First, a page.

Over the years, All India Radio has played a crucial role in promoting classical music in the country

“Classical music has never been as popular as film or light music. It had committed listenership in the past and the same can be said about the present. To say that listenership of classical music has been lost in the din of film and pop music in the fast paced life today would not be a correct assumption,” says Lakshmi Shankar Bajpai, All India Radio Station Director in Delhi.

In the absence of any survey, it is difficult to say whether the number of listeners of classical music has come down or increased, she says. “One small mistake about the name of a raga or its rendering on any of the AIR programmes, and the phones start ringing to point out the mistake.”

Also in the annual music competitions that All India Radio organises, more and more youngsters are taking part. The competition is held to scout for young talent in different disciplines including classical, both vocal and instrumental.

Classical music is played for more than seven hours a day over Rajdhani, Inderprastha and FM Channels of AIR. With the availability of these programmes on FM channels of AIR as well as DTH, even overseas listeners today can enjoy this genre of music.

It was at the initiative taken by the then Information and Broadcasting Minister B.V. Keskar that National Programme of Music, a 90-minute feast of classical music began in 1952 for broadcast over AIR on Saturdays at prime time from 9.30 p.m. to 11 p.m. It is still broadcast on Sundays. These programmes are also available over FM Gold channel.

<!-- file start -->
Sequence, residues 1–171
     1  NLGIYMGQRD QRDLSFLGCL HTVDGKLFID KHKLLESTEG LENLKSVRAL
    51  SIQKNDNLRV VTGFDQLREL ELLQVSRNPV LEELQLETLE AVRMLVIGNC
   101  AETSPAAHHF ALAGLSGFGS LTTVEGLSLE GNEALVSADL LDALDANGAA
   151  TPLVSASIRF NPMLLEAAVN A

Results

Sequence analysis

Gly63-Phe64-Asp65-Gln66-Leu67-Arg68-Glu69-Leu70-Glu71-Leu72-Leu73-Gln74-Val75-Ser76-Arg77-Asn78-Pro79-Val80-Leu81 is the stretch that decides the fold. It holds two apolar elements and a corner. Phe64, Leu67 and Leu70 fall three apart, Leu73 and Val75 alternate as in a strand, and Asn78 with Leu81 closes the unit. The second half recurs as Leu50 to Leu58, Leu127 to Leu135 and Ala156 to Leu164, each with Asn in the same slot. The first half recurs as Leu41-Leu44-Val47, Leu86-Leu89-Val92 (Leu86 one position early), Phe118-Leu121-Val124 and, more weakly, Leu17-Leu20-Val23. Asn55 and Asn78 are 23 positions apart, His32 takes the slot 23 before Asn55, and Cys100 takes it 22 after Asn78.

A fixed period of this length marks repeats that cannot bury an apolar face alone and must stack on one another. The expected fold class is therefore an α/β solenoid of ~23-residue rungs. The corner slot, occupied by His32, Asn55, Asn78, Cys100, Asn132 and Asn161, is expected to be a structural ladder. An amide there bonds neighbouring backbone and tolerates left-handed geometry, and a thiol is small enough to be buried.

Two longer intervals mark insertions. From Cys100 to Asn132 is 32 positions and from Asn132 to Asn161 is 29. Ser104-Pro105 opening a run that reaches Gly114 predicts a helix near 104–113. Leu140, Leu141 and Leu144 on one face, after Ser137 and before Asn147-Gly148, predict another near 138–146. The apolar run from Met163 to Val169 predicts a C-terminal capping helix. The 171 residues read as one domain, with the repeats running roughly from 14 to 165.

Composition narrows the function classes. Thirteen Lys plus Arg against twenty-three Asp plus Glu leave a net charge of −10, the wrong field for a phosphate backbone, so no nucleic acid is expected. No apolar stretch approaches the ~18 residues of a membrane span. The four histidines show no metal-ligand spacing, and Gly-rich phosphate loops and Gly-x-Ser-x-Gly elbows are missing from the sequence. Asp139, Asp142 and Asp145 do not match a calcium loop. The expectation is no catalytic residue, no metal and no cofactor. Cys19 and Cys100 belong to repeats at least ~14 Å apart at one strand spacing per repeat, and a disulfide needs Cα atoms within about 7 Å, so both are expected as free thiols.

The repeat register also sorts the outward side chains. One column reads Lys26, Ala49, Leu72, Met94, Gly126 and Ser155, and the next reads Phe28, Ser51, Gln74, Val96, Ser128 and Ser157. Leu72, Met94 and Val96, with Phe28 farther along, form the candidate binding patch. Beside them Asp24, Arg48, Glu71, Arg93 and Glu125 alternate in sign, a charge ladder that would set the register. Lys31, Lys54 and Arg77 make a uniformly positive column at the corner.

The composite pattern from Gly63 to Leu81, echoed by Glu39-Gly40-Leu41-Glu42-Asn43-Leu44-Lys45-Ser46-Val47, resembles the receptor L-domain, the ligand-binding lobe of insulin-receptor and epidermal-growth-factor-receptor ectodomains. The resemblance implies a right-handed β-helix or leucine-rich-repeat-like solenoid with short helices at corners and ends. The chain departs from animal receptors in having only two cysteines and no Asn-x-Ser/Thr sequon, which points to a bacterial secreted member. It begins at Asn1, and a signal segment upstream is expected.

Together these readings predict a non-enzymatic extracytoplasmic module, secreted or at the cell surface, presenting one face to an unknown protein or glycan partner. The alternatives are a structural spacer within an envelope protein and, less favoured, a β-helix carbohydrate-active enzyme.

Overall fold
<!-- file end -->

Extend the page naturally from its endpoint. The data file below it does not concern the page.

To begin with, these programmes were broadcast live. Recalling an interesting instance, a senior official said that once somebody inadvertently drank water from one of the cups of Jal Tarang. Realising this at the last moment the artist who was playing the instrument changed the raga to suit the situation of the ‘empty cup’.

Later, they started recording the programmes on gramophone records and preserved them. Today, of course, they are recorded on CDs and then played. AIR has been the launching pad for a number of big names in classical music, instrumental or vocal Hindustani or Carnatic.

Apart from a number of programmes on classical music broadcast over AIR, concerts and other programmes are organised to popularise classical and semi classical music.

The prestigious Radio Sangeet Sammelan that began in 1955 is held in almost 40 cities and towns at present. The concept of chain concerts too has been revived to popularise classical music in small towns. The team that performs in the capital city of a state, also then holds concerts at other nearby stations in the region.

In another initiative to present Indian melodies as orchestral compositions, the Vadya Vrinda Unit was started in 1952 in Delhi and later in Chennai in 1975. The inspiration to start this came from Late Pandit Jawahar Lal Nehru. The Vadya Vrinda Unit has a number of artistes playing on different instruments. It is part of an effort towards keeping alive and showcasing many rare instruments for posterity.

Many eminent artistes have been part of the Vadya Vrinda Units at Delhi and Chennai and Vadya Vrinda compositions of Pt. Ravi Shankar, Pt. Panna Lal Ghosh, T.K. Jayaram Iyer, Emani Shankar Shastri, H.L. Sehgal, M.Y. Kamashastri and Anil Biswas have been preserved. Salil Chaudhary and Shankar of music director duo of Shankar Jaikishan were also associated with Vadya Vrinda.

Shaam Ki Chai is another programme where exponents of classical music are invited. Recently Sarod Maestro Amjad Ali Khan was the guest of honour.

The Central Archives of AIR has a rich treasure of very valuable and rare recordings of artistes preserved for future generations.  These recordings are now being made available to music lovers through releases in CDs as ‘Akashvani Sangeet’. Recording from these archives are also played in Chayan programme over Inderprastha.

While the response towards concerts organised by AIR from artists and lovers of music has been tremendous, Bajpai feels that media is doing little to encourage these efforts.